Aged people often seem to maintain strong memories of childhood places, but sometimes have difficulties making new memories of new places. My great-grandmother, for example, would tell stories of her childhood, bringing us all vividly back to explorations of her favorite red-brick house, but after the story, she would wonder how we got to the living room of the nursing home.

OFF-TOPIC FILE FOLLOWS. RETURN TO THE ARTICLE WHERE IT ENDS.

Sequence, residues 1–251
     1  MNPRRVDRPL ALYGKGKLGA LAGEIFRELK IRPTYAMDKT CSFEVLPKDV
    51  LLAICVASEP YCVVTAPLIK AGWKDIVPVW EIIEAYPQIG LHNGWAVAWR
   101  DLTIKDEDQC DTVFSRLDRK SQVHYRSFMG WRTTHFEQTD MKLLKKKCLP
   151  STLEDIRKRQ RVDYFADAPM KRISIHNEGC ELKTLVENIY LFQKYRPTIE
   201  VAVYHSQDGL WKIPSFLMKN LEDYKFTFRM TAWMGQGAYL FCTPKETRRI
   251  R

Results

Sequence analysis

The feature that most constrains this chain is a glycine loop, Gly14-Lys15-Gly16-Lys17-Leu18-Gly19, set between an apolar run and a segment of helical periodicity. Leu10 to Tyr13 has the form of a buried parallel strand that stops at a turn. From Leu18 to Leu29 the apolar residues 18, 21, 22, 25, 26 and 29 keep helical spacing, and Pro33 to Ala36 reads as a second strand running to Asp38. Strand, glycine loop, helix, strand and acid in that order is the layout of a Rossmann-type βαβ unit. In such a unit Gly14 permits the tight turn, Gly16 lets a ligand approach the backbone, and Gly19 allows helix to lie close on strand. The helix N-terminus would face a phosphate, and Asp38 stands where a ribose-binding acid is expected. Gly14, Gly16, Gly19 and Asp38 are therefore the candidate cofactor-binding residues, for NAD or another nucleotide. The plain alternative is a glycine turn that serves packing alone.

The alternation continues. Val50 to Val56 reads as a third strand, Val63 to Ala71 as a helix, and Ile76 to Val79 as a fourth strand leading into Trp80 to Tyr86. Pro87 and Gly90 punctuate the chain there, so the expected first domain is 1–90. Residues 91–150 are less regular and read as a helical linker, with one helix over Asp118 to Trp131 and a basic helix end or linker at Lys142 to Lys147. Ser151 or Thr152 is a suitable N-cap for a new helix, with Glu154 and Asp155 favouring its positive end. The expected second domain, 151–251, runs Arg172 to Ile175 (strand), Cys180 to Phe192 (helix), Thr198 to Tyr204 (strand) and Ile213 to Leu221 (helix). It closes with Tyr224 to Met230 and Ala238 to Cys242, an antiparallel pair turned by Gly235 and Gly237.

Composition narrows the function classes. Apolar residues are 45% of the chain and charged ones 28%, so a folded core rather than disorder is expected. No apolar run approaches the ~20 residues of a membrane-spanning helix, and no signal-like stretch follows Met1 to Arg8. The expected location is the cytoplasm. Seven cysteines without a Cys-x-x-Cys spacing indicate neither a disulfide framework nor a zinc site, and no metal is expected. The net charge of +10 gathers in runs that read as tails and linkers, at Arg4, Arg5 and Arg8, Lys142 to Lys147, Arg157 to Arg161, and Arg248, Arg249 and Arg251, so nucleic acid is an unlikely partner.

Indeed, normal aging is associated with diminished memory capacity in both humans and animals (Gallagher and Rapp, 1997). How can we study why the aging brain has trouble making memories? This chapter will address how we can gain insight into the mechanisms underlying age-associated memory impairment. Memories are believed to be formed by strengthening some connections between neurons, while weakening others. Accordingly, encoding a memory involves binding a network of neurons together so that later the same neuronal network will be recalled into activity. The chapter will focus on one technique: recording electrophysiological signals from single cells in rats that are freely behaving. By recording action potentials of single neurons, researchers can ask how networks of neurons store information in their patterns of activity. Although this technique is far from explaining all questions of the aging brain, it does provide powerful insight into its information processing capabilities, especially when considered alongside well-documented neurobiological changes to the aging brain.
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